David Bourget (Western Ontario)
David Chalmers (ANU, NYU)
Rafael De Clercq
Jack Alan Reynolds
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Philosophical Topics 33 (1):185-206 (2005)
I defend a moderate (neither extremely conservative nor extremely liberal) view about the contents of perception. I develop an account of perceptual kinds as perceptual similarity classes, which are convex regions in similarity space. Different perceivers will enjoy different perceptual kinds. I argue that for any property P, a perceptual state of O can represent something as P only if P is coextensive with some perceptual kind for O. 'Dog' and 'chair' will be perceptual kinds for most normal people, 'blackpool warbler' for the expert birdwatcher but not for the rest of us, 'dangerous', 'familiar', or 'meaning that the cat is on the mat' for none of us.
|Keywords||contents of perception perception of natural kinds|
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Indrek Reiland (2015). Experience, Seemings, and Evidence. Pacific Philosophical Quarterly 96 (4):510-534.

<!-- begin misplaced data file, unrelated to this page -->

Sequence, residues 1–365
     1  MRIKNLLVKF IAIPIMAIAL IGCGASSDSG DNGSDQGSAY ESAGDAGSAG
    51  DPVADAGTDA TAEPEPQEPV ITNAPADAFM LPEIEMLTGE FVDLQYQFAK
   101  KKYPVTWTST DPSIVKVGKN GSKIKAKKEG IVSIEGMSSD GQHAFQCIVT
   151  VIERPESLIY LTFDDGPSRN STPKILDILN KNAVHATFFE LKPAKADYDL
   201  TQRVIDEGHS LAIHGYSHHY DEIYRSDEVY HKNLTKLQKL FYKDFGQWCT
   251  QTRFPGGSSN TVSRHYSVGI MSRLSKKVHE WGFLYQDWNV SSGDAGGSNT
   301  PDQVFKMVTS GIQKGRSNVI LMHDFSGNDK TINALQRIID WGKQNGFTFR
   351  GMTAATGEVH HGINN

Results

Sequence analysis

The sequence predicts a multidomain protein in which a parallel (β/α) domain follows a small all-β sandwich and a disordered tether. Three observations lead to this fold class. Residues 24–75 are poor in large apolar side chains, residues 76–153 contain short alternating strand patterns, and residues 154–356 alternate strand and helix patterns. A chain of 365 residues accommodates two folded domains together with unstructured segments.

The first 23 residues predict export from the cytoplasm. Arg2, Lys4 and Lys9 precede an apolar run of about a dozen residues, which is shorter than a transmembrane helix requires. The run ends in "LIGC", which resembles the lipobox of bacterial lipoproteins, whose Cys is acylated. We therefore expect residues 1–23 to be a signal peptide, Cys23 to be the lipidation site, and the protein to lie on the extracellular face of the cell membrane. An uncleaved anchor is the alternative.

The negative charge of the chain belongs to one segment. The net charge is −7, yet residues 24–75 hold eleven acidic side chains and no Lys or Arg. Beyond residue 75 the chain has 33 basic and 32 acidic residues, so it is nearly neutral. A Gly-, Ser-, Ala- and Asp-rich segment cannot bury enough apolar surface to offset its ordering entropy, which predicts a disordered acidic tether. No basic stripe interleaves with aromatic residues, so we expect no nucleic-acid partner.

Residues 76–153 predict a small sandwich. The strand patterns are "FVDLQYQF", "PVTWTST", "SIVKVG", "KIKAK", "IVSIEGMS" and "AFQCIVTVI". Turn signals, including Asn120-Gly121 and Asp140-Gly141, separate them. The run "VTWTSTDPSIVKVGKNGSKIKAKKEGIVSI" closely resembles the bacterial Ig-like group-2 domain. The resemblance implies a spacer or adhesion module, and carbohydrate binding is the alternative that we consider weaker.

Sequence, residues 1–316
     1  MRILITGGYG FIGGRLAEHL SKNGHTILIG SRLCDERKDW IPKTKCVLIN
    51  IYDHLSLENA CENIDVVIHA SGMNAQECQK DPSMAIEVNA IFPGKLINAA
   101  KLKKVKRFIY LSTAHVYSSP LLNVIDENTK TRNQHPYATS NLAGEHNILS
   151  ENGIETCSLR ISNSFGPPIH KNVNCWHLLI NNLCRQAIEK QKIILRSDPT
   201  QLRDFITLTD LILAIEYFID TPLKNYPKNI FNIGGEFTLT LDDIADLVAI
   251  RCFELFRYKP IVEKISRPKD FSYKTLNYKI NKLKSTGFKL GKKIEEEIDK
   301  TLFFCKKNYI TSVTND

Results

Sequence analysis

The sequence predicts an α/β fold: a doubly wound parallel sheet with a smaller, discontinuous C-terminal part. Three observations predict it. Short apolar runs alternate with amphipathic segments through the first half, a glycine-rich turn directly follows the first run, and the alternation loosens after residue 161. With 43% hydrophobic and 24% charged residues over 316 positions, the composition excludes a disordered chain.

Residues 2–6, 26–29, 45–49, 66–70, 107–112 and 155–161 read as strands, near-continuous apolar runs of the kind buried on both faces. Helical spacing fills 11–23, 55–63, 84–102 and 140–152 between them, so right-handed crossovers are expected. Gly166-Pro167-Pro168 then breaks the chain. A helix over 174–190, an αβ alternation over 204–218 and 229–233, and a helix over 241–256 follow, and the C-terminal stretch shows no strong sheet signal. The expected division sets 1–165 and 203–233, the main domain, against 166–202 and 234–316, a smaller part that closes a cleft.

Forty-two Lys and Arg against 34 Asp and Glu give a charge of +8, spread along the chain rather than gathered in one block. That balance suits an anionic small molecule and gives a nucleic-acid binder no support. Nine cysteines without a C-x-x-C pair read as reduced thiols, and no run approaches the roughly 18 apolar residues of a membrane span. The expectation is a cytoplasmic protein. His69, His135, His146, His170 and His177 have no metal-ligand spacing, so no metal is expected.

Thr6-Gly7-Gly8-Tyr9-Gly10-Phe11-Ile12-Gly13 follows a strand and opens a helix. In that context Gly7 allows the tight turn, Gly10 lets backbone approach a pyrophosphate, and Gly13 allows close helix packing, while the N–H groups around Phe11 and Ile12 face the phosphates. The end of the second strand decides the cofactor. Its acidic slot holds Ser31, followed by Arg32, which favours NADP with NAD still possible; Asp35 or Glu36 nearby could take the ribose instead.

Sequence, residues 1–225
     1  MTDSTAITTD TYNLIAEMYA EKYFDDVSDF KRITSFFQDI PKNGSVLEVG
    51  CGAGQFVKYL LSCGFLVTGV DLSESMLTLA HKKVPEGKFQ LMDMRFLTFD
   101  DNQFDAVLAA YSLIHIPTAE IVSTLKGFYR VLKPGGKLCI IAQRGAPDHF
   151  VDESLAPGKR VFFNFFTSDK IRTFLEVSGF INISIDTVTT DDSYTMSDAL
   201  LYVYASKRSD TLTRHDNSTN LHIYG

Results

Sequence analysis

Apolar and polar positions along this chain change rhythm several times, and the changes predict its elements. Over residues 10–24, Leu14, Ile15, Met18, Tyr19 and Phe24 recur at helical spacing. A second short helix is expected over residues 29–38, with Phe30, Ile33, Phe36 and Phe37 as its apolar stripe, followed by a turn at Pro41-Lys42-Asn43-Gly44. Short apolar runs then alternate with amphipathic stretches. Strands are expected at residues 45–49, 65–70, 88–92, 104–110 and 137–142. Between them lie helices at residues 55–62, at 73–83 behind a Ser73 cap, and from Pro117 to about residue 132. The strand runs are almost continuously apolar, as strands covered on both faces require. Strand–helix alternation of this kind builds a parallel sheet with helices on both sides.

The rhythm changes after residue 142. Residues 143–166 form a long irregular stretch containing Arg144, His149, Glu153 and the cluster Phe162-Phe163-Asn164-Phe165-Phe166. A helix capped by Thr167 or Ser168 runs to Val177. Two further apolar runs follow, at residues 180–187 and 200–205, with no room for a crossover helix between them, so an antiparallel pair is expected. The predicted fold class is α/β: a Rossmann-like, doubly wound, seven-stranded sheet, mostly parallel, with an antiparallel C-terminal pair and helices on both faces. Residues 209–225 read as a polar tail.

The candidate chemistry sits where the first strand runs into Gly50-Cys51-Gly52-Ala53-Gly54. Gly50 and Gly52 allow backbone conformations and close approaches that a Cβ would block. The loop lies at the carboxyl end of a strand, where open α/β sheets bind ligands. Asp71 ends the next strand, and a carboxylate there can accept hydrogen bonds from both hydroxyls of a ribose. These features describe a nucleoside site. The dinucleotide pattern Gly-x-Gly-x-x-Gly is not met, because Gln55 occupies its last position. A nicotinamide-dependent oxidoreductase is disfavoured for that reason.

Jack Lyons (2011). Circularity, Reliability, and the Cognitive Penetrability of Perception. Philosophical Issues 21 (1):289-311.
Joel Smith (2015). The Phenomenology of Face‐to‐Face Mindreading. Philosophy and Phenomenological Research 90 (2):274-293.
Berit Brogaard & Bartek Chomanski (2015). Cognitive Penetrability and High‐Level Properties in Perception: Unrelated Phenomena? Pacific Philosophical Quarterly 96 (4):469-486.
Dan Cavedon‐Taylor (2015). Kind Properties and the Metaphysics of Perception: Towards Impure Relationalism. Pacific Philosophical Quarterly 96 (4):487-509.
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